Take a walk back in time among the vegetables, medicinal herbs and flowers that were a feature of gardens in the 1600s.
The Vasa Museum Garden is home to a wide variety of flowers, medicinal herbs and vegetables, many of which can be found in gardens today. In the 17th century lavender, mallow, radishes and cabbage were just as common as they are now.
No chemical pesticides are used in the garden. Instead plants with good resistance to disease and vermin, for example marigolds, are cultivated. Bio-carbon is used in the soil to help it better retain water and nutrients. The many flowers are pretty to look at but also good for pollination.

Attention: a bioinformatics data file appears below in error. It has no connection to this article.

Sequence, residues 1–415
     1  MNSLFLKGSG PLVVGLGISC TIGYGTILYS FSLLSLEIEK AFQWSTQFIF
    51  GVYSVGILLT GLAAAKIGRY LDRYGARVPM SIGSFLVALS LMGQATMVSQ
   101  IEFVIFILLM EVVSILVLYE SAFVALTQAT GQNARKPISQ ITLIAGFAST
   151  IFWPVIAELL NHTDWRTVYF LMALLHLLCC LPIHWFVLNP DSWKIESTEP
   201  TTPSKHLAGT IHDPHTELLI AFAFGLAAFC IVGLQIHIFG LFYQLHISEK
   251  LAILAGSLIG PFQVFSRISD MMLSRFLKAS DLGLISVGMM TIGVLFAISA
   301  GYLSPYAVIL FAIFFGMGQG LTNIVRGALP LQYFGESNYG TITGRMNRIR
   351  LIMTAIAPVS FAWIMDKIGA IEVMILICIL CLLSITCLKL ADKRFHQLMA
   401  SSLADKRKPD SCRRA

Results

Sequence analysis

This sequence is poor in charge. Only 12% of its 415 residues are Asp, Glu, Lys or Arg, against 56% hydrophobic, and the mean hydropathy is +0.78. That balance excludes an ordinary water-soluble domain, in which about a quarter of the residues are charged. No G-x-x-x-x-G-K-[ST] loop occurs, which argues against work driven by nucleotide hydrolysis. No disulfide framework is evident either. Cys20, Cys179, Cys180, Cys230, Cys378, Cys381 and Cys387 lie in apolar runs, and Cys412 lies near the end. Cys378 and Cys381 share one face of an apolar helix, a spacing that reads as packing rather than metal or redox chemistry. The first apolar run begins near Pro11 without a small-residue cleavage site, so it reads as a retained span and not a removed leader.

The garden lies behind a grey fence at the back of the Vasa Museum.
A visit to the Vasa Museum garden is free of charge. You are welcome to come in for a rest or get some inspiration for your own plot.
On Wednesdays during the period 14 June - 30 August, our garden expert is available between 10.00 and 14.00 for a chat and questions about the garden and plants from the 1600s – the time of the warship Vasa.